Without a travel policy, an organization doesn’t have much of a managed travel program. And when there is a formal policy, many travelers don’t follow it — if they are even aware of it. There are several reasons why an organization may not enforce its own rules, but Executive Travel chairman and CEO Steve Glenn thinks efforts to make employees comply are well worth it. Here he provides some pointers.
I am blessed to count this as my 32nd year in travel management. And now I must confess a dirty little secret about company travel policies: very few companies enforce them.
One of my favorite jokes is my story about moving to a new town and trying to find a new church to attend. After sampling church after church, I finally found one that was pretty liberal. It was so liberal that instead of having the Ten Commandments it had Four Commandments and six suggestions. That seems to be how many companies enforce their travel policies.
Not only do many companies not enforce their travel policies — but also most travelers have never seen or read them. Some of the travel policies I have read are 30 pages long and would take four hours to read. Can we really blame a traveler for not reading their company policy if all they want to do is make a simple reservation from Omaha to Chicago, do their job and get home?
Do companies need a travel policy? The answer is a resounding yes! Travel today can be expensive, complicated, frustrating and, in some cases, dangerous. Employees need to know:
• When to travel (and who approves it)
• How to make travel reservations
• What spending is appropriate and what isn’t
• How to pay and/or get reimbursed
• How to stay safe when traveling
One big thing that new or younger travelers need is some simple coaching on how to travel.
A giant reason for a travel policy is that every company is liable for the safety of its employees while they are traveling for company business. If you don’t clearly communicate the do’s and don’ts you open yourself up to a big liability should something go seriously wrong during a business trip and an employee is harmed.
Here are eight things that companies should consider to make a travel policy enforceable and adhered to (and maybe even read).
Make travel easier for the traveler. A travel policy needs to be a roadmap for employees that makes it easier for them to travel. Sure, you need to share the things they must do, but also build in enough flexibility to allow them to remove some of the pain of travel.
Keep your travel policy short and sweet. No one reads anything today longer than three paragraphs. (Ha, except you. Look at how long this article is!) I think a travel policy should be a bulleted list or another format that is easy to search.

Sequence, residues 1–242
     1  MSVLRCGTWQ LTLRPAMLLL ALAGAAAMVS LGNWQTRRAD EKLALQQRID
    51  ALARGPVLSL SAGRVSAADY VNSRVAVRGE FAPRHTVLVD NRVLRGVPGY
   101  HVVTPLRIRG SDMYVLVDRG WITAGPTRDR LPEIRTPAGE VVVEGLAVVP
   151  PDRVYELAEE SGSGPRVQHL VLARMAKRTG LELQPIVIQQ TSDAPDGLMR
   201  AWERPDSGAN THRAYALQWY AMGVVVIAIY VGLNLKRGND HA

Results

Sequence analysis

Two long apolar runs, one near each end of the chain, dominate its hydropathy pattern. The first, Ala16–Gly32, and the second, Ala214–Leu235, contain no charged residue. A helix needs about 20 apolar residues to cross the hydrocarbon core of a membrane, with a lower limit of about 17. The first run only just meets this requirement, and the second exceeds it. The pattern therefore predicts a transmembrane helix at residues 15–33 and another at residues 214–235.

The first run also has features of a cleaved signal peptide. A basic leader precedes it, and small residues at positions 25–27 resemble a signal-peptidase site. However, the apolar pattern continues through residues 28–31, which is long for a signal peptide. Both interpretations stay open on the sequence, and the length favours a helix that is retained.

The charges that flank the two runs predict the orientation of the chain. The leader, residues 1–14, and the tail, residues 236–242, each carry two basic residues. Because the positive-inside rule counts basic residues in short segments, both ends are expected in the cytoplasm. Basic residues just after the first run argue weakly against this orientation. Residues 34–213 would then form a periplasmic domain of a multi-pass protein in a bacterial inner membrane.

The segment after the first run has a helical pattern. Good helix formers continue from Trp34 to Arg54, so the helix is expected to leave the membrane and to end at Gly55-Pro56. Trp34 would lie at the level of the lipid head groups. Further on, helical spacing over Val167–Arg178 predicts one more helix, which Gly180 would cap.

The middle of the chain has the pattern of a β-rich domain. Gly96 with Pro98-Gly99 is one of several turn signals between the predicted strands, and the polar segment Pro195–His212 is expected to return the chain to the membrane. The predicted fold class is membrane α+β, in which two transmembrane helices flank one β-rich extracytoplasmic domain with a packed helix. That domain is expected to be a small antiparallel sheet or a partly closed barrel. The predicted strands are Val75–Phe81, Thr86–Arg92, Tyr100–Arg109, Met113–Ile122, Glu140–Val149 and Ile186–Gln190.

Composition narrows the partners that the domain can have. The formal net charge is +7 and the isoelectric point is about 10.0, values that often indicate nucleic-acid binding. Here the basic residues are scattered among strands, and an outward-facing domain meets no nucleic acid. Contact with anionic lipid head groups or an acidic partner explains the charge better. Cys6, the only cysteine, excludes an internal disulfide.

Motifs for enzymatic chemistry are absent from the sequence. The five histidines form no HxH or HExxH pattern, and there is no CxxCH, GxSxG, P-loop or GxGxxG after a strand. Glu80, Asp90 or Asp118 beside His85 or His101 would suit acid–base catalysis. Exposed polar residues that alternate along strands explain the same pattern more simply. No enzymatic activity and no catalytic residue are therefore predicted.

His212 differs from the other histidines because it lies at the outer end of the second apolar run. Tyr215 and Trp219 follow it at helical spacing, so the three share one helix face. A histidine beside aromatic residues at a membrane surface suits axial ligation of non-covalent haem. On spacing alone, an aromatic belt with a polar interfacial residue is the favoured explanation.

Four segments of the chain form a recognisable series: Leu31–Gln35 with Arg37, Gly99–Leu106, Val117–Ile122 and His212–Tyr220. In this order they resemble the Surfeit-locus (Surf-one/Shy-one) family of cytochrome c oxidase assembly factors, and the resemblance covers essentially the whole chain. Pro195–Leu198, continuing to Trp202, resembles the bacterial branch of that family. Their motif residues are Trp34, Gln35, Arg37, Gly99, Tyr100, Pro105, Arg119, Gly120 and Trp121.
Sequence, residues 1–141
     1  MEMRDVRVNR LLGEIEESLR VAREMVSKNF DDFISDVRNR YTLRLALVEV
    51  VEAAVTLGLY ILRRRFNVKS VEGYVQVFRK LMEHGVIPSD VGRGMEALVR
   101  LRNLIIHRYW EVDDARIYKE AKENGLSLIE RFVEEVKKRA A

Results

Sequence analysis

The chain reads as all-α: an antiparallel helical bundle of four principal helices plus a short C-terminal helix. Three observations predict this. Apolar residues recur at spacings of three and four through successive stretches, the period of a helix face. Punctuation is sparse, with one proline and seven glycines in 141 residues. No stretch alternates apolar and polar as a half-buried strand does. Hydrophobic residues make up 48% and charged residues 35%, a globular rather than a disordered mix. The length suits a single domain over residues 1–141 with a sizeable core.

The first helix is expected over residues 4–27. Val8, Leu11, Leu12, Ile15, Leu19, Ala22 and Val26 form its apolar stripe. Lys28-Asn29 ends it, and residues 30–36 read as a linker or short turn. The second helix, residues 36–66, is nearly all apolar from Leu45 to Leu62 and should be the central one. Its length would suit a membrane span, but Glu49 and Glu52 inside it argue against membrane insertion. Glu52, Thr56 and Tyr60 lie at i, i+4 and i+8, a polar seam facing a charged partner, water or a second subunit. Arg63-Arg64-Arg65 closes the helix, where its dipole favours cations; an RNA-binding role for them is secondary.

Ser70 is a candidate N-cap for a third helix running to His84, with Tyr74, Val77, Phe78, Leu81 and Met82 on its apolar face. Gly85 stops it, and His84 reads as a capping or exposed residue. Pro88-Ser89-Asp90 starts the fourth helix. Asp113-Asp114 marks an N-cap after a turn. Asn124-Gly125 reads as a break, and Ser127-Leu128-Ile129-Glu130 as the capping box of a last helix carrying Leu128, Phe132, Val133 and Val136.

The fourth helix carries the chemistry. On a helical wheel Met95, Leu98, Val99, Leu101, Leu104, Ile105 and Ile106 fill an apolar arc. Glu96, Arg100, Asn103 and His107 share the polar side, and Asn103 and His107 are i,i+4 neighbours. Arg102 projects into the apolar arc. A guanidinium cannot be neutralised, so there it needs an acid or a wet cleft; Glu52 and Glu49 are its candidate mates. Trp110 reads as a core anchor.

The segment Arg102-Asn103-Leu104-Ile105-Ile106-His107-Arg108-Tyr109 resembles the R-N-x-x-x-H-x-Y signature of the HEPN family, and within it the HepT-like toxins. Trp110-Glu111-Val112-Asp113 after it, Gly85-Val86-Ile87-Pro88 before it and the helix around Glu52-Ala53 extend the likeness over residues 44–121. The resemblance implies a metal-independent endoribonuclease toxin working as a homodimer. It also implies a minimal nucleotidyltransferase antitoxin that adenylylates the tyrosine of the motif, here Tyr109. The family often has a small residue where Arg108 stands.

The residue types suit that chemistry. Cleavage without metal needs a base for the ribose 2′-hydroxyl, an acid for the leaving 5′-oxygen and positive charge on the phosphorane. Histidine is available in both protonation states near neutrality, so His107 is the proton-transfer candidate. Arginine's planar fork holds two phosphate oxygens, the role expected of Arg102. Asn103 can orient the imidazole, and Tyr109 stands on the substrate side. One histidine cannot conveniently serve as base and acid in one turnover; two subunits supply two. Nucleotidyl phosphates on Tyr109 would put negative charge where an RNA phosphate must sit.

Serve up the travel policy in small bites. Travelers don’t need to memorize your travel policy. With technology today you can serve up policy along the way. When they are making hotel reservations, have your reservation system pop up the preferred hotels. When they fly to Pittsburgh, tell them how your preferred airline saves the company money and provides additional flyer benefits.
Explain to the traveler what’s in it for them. Travel managers should focus on building in strong perks that make travel easier: free upgrades, amenities and other conveniences that make life on the road smoother.
Make your travel policy visual. Since nobody reads 30 pages of policy, convert your travel policy to a visual format using Prezi or other tools for presenting key policy issues on one page. From there, travelers drill down to find answers under each key heading: airfare, hotels, car rental, etc. Make your policy colorful, short and easy to read.
Make your travel policy contemporary. I can’t believe how many policies don’t include info about Uber, Airbnb and other sharing-economy travel options. By not addressing these issues you are leaving it up to the traveler to make good or bad decisions. Tell them they can or cannot use these options. Be clear and concise.
Enforce policy with centralized payment processes. The reason many companies have such lousy policy compliance is they don’t implement systems that lock down payment for travel. Today you can pay airlines, hotels, car rental companies and even Uber using a centralized payment system. Simply don’t reimburse for expenses charged outside the company travel system and you will achieve 100 percent compliance in a matter of days.
Turn your travel policy into 30- to 45-second videos. Use videos that educate travelers about the how-to of travel and you will be amazed at how easily they will jump on board the company travel management train.
Maybe it is time for you to dust off your travel policy and update it. New technology allows you to communicate it in easily digestible ways that are relevant to the contemporary traveler. Make it easy and fun, and compliance will follow.
• In Defense Of Corporate Travel Policy
• Travel Managers Ruminate On The Impacts Of Tightening And Relaxing Policies
• Mark Hollyhead On Building Better Air Policies
• For Some, Travel Policy Isn’t Black And White
• The Grey Areas Of Noncompliance
• Traveler Engagement: (Hard) Work In Progress